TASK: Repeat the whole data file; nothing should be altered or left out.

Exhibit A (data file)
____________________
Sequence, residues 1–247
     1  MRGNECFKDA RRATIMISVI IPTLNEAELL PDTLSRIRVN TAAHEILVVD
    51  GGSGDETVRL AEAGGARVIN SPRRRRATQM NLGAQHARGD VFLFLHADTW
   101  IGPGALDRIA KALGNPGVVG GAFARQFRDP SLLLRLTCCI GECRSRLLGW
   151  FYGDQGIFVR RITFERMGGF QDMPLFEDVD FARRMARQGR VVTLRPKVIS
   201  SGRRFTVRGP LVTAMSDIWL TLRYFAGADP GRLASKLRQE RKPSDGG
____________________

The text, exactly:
Sequence, residues 1–247
     1  MRGNECFKDA RRATIMISVI IPTLNEAELL PDTLSRIRVN TAAHEILVVD
    51  GGSGDETVRL AEAGGARVIN SPRRRRATQM NLGAQHARGD VFLFLHADTW
   101  IGPGALDRIA KALGNPGVVG GAFARQFRDP SLLLRLTCCI GECRSRLLGW
   151  FYGDQGIFVR RITFERMGGF QDMPLFEDVD FARRMARQGR VVTLRPKVIS
   201  SGRRFTVRGP LVTAMSDIWL TLRYFAGADP GRLASKLRQE RKPSDGG